Could There Be a CRE Upside to a Recession?
You don’t want to wish ill on anyone, but it can be comforting to realize that if the economy goes bad, you might receive some benefit.
No one wants a recession. And yet, they do eventually come as part of the business cycle. While the pandemic recession was an anomaly in that sense, the chances are reasonable that in the near- to mid-term, the U.S. could experience another one.
Those companies that are strongest going into a recession are likely first up to see a benefit, though at the expense of others. “There are two ingredients that frequently insure a successful real estate investment: patience and working capital,” Jahn Brodwin, co-leader of the real estate solutions practice and a senior managing director at FTI Consulting, tells GlobeSt.com. “When an investor lacks one or both of these during a recession, it can lead to forced sales at inopportune times at less-than-optimal prices or worse, lead to foreclosures. The corollary to that, of course, is that those with the funds available today will likely have some excellent buying opportunities.”
Jeff Klotz, CEO of the Klotz Group of Companies, argues that the normal ebb and flow is “healthy.”
“A recession in today’s economy will slow inflation and generally level out the economy which is good for everyone,” says Klotz. “It will also ease up on the challenges created from the current ‘boom economy’ and make the availability of reasonably priced goods, materials, and labor much more accessible which is something that is extremely beneficial for commercial real estate.”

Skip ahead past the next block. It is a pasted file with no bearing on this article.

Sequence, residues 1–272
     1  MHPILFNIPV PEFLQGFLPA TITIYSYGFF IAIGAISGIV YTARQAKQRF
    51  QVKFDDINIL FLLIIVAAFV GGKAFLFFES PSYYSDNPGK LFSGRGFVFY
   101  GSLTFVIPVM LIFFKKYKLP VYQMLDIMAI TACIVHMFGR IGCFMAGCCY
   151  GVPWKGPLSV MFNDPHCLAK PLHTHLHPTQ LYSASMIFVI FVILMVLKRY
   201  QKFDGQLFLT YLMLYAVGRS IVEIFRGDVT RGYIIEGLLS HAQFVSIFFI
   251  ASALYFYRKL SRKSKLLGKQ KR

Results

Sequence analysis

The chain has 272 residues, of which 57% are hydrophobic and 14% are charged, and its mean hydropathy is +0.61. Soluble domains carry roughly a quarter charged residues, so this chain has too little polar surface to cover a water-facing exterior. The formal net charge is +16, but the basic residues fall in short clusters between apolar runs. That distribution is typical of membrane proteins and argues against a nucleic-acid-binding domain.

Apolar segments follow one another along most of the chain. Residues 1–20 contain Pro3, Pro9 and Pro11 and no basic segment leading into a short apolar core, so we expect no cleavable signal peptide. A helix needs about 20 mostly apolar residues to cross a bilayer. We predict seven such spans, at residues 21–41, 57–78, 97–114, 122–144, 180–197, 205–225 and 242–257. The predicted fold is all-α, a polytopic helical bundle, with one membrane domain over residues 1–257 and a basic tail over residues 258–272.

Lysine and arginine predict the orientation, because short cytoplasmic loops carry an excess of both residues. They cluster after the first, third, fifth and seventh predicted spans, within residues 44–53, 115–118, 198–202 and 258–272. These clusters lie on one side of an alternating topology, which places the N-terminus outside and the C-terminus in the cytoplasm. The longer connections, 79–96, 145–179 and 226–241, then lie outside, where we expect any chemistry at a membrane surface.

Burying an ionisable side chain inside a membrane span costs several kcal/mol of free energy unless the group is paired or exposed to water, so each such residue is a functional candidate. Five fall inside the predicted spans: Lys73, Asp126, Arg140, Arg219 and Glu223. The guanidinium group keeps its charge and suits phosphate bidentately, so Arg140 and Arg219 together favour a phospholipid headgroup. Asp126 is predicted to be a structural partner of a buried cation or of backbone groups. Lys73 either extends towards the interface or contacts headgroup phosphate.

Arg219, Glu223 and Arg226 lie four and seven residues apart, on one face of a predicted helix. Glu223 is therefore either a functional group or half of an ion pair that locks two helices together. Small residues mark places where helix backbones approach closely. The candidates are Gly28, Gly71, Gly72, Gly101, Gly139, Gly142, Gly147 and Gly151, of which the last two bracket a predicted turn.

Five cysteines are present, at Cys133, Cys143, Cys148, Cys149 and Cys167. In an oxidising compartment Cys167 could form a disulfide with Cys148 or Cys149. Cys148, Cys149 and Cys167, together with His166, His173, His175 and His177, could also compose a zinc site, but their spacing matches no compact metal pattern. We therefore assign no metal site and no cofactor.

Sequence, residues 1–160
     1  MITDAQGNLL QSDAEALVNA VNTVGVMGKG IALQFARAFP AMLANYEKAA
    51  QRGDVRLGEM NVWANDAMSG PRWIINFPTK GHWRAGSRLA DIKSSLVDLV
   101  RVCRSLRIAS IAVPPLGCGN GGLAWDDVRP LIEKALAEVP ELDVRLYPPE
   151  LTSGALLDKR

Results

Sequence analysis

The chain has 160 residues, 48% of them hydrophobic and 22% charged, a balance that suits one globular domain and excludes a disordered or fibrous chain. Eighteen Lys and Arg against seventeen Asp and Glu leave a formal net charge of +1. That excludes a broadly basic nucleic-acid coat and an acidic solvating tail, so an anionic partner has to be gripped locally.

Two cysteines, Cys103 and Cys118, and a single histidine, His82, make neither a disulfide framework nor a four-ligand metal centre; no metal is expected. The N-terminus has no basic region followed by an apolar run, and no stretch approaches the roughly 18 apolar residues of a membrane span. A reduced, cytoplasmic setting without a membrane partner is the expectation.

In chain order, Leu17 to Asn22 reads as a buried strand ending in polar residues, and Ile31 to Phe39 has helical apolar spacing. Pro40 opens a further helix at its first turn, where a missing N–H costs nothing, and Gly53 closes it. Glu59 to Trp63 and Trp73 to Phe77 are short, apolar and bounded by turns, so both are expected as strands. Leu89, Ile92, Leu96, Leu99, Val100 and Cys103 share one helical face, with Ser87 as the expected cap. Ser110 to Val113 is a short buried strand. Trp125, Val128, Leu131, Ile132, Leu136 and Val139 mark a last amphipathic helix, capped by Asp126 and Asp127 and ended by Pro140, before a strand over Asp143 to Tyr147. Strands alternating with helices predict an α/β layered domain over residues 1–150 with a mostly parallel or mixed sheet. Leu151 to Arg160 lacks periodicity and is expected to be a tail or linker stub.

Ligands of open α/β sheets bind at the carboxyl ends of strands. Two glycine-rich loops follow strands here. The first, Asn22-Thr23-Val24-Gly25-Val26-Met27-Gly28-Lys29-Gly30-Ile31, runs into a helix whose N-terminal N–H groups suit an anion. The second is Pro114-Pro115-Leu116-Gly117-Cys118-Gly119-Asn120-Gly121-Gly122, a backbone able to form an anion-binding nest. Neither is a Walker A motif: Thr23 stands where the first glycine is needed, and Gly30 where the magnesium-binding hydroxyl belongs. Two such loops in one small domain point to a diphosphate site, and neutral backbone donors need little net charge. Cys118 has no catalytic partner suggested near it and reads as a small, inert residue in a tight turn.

Eddie Lorin, founder and CEO of Alliant Strategic Development, agrees that taking pricing pressure off materials, combined with greater stabilization of construction labor and increased rents, is “really not that bad for developers of market rate apartments.” While wood prices have come down and are currently at a 2018 level, rather than the insane heights of last summer, there are still significant supply chain issues for many other building products and materials. A general slowdown could give the entire supply chain some breathing room.
Of course, all this assumes that a recession is around the corner. Not everyone is so sure. “What recession?” asks Nitin Chexal, CEO of Palladius Capital Management. “Unemployment is sitting at 3.5% with several million job openings. We are seeing supply chain issues begin to moderate. Rental demand from multifamily to student housing to industrial remains robust. The overall health of the economy continues to be favorable for commercial real estate.”
By Erik Sherman | Could There Be a CRE Upside to a Recession? | Globest.com